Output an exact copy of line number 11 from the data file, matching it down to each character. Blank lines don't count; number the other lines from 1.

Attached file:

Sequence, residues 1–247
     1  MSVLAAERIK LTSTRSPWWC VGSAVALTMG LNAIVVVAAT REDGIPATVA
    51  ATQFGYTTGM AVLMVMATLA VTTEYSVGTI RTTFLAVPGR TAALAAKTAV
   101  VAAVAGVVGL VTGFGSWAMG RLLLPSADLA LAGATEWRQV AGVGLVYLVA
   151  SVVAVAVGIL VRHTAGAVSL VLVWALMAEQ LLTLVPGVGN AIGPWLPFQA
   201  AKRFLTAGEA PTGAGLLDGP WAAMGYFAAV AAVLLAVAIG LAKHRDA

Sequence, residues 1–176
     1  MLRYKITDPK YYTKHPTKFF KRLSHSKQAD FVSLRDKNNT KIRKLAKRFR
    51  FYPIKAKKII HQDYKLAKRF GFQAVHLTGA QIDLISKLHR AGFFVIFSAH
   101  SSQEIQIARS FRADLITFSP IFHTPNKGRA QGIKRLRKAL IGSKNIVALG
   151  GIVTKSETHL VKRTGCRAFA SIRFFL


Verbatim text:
   151  GIVTKSETHL VKRTGCRAFA SIRFFL